Linear Equivalence of Block Ciphers with Partial Non-Linear Layers: Application to LowMC

  • Itai DinurEmail author
  • Daniel Kales
  • Angela Promitzer
  • Sebastian Ramacher
  • Christian Rechberger
Conference paper
Part of the Lecture Notes in Computer Science book series (LNCS, volume 11476)


\(\textsc {LowMC}\) is a block cipher family designed in 2015 by Albrecht et al. It is optimized for practical instantiations of multi-party computation, fully homomorphic encryption, and zero-knowledge proofs. \(\textsc {LowMC}\) is used in the \(\textsc {Picnic}\) signature scheme, submitted to NIST’s post-quantum standardization project and is a substantial building block in other novel post-quantum cryptosystems. Many \(\textsc {LowMC}\) instances use a relatively recent design strategy (initiated by Gérard et al. at CHES 2013) of applying the non-linear layer to only a part of the state in each round, where the shortage of non-linear operations is partially compensated by heavy linear algebra. Since the high linear algebra complexity has been a bottleneck in several applications, one of the open questions raised by the designers was to reduce it, without introducing additional non-linear operations (or compromising security).

In this paper, we consider \(\textsc {LowMC}\) instances with block size n, partial non-linear layers of size \(s \le n\) and r encryption rounds. We redesign LowMC’s linear components in a way that preserves its specification, yet improves LowMC’s performance in essentially every aspect. Most of our optimizations are applicable to all SP-networks with partial non-linear layers and shed new light on this relatively new design methodology.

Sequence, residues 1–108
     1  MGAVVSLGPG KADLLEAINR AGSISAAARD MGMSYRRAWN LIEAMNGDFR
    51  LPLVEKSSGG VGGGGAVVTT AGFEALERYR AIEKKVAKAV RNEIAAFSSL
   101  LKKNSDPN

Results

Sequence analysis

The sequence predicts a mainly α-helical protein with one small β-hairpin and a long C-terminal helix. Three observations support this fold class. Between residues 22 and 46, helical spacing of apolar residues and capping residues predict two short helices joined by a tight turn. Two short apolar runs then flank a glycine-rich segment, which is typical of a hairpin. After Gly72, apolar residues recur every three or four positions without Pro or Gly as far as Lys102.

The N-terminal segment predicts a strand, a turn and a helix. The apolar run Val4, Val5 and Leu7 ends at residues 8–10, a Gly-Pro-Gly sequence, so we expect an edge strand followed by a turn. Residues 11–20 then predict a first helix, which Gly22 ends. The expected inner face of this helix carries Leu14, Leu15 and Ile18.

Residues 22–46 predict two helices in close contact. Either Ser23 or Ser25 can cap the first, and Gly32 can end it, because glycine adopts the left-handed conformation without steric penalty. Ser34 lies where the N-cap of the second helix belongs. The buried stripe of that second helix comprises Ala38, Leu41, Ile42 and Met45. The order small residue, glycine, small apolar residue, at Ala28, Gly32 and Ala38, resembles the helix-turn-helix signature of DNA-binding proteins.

Our main result shows that when \(s < n\), each \(\textsc {LowMC}\) instance belongs to a large class of equivalent instances that differ in their linear layers. We then select a representative instance from this class for which encryption (and decryption) can be implemented much more efficiently than for an arbitrary instance. This yields a new encryption algorithm that is equivalent to the standard one, but reduces the evaluation time and storage of the linear layers from \(r \cdot n^2\) bits to about \(r \cdot n^2 - (r-1)(n-s)^2\). Additionally, we reduce the size of LowMC’s round keys and constants and optimize its key schedule and instance generation algorithms. All of these optimizations give substantial improvements for small s and a reasonable choice of r. Finally, we formalize the notion of linear equivalence of block ciphers and prove the optimality of some of our results.

Comprehensive benchmarking of our optimizations in various \(\textsc {LowMC}\) applications (such as \(\textsc {Picnic}\)) reveals improvements by factors that typically range between 2x and 40x in runtime and memory consumption.


Block cipher \(\textsc {LowMC}\) \(\textsc {Picnic}\) signature scheme Linear equivalence 



We thank Tyge Tiessen for interesting ideas and discussions on optimizing \(\textsc {LowMC}\) ’s round key computation. I. Dinur has been supported by the Israeli Science Foundation through grant Open image in new window and by the European Research Council under the ERC starting grant agreement Open image in new window (LightCrypt). D. Kales has been supported by IOV42. S. Ramacher, and C. Rechberger have been supported by EU H2020 project Prismacloud, grant agreement Open image in new window . S. Ramacher has additionally been supported by A-SIT. C. Rechberger has additionally been supported by EU H2020 project PQCRYPTO, grant agreement Open image in new window .


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Copyright information

© International Association for Cryptologic Research 2019

Authors and Affiliations

  • Itai Dinur
    • 1
    Email author
  • Daniel Kales
    • 2
  • Angela Promitzer
    • 3
  • Sebastian Ramacher
    • 2
  • Christian Rechberger
    • 2
  1. 1.Department of Computer ScienceBen-Gurion UniversityBeershebaIsrael
  2. 2.Graz University of TechnologyGrazAustria
  3. 3.GrazAustria

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